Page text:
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Watch List: July 12, 2017

  • View count: 9 views
  • Last updated: July 12
  • Total word count: 356 words

The items listed below represent potential emerging issues that our analysts are tracking. These can be long term or short term, but will be updated daily. If an item on our Watch List becomes critical, we will email you a full analysis explaining its significance.

Each Saturday, we will follow up our daily Watch List for each week with our conclusions on these issues.

  • Germany: The German government will reportedly introduce new rules that will give Berlin more power to veto company takeovers – a move that which would limit foreign investment into Germany. This is just one example of increased protectionism in Europe. We will be looking into how European countries are increasingly using protectionist policies and why.
  • China: On July 11, Chinese military personnel set sail for Djibouti, where they will set up a Chinese naval support base. This will be China’s first overseas military base. It will be extremely difficult for China to maintain, and it is unlikely to enable Beijing to project power into this region. We need to determine the number of people stationed at this facility as well as the type of equipment being used there in order to measure China’s capabilities and the significance of this development.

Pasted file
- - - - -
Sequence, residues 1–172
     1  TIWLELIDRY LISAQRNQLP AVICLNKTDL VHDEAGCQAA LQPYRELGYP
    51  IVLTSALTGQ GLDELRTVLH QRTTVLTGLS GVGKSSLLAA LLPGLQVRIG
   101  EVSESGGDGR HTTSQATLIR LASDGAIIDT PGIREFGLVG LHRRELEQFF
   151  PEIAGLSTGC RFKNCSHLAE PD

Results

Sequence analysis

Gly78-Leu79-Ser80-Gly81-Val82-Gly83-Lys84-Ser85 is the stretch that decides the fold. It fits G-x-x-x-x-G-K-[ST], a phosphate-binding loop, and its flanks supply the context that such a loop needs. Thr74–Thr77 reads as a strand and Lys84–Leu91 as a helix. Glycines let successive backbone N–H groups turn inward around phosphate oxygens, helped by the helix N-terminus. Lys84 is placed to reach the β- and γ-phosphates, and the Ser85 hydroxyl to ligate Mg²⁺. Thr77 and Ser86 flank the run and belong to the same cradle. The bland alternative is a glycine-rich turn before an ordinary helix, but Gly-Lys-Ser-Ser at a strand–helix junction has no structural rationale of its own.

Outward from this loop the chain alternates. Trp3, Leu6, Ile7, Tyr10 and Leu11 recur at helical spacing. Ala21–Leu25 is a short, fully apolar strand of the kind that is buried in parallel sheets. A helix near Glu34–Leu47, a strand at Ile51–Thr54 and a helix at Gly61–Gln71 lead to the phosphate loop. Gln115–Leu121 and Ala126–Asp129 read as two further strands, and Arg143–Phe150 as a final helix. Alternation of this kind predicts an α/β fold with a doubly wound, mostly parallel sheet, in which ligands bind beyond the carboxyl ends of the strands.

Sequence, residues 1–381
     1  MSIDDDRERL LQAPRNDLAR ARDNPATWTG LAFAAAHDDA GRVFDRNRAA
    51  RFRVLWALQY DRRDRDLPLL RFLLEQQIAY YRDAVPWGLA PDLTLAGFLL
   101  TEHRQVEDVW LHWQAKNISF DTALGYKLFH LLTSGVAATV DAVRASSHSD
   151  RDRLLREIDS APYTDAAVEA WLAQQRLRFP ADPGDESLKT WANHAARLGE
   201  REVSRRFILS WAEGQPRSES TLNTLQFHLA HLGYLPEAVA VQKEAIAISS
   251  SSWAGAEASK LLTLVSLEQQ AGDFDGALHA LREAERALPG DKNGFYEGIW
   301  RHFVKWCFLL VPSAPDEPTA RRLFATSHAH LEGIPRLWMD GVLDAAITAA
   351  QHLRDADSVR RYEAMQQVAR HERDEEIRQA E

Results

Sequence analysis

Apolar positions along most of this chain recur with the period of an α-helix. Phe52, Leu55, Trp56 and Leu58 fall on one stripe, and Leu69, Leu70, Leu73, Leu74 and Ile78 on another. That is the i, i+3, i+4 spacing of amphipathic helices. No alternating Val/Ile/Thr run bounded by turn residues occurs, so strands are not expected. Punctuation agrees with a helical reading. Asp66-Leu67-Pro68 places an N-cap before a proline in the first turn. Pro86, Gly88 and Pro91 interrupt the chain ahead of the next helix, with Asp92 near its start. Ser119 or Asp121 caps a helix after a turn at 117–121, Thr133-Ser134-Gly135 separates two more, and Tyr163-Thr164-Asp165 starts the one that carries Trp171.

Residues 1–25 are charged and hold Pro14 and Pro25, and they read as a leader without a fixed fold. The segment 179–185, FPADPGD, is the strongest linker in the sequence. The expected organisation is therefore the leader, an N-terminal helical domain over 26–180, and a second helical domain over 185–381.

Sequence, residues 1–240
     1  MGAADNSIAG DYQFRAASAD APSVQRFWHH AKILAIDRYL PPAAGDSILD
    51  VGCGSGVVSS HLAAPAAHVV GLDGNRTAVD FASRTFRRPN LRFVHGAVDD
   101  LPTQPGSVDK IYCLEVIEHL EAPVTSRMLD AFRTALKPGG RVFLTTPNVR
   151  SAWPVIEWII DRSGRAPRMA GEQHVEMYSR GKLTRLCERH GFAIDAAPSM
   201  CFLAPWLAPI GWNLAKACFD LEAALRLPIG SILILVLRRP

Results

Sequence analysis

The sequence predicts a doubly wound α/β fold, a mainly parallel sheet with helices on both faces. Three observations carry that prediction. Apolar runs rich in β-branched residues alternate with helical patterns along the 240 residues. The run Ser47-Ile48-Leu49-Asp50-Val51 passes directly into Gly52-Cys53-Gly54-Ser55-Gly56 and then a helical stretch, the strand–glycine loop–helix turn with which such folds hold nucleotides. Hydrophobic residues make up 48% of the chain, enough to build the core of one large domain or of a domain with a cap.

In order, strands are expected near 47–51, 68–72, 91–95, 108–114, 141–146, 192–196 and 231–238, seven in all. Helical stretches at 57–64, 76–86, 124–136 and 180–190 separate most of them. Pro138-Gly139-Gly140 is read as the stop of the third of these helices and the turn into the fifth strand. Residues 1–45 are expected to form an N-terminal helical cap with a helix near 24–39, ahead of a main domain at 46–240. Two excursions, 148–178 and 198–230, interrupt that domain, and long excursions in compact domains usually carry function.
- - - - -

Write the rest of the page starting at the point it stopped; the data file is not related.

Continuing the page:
• Japan: Japanese Prime Minister Shinzo Abe’s support has plummeted into the mid-30s following a string of scandals and the defeat of his ruling Liberal Democratic Party in Tokyo elections last month. The slide has put his agenda to reform the constitution’s war-renouncing Article 9 in doubt. Our long-term forecast regarding Japan’s military re-emergence is not contingent on the strength of Abe or the LDP. And Japan has already reinterpreted Article 9 to allow it to take initial steps to build up its defenses and project power abroad. But political instability in Japan could affect the pace of this trend, particularly given the sharp divides in the country over remilitarization. We need to gauge whether the geopolitical imperatives driving remilitarization are being embraced across the Japanese political spectrum. We should also clarify what, if any, steps in the development of the Japanese military are currently being held back by Article 9.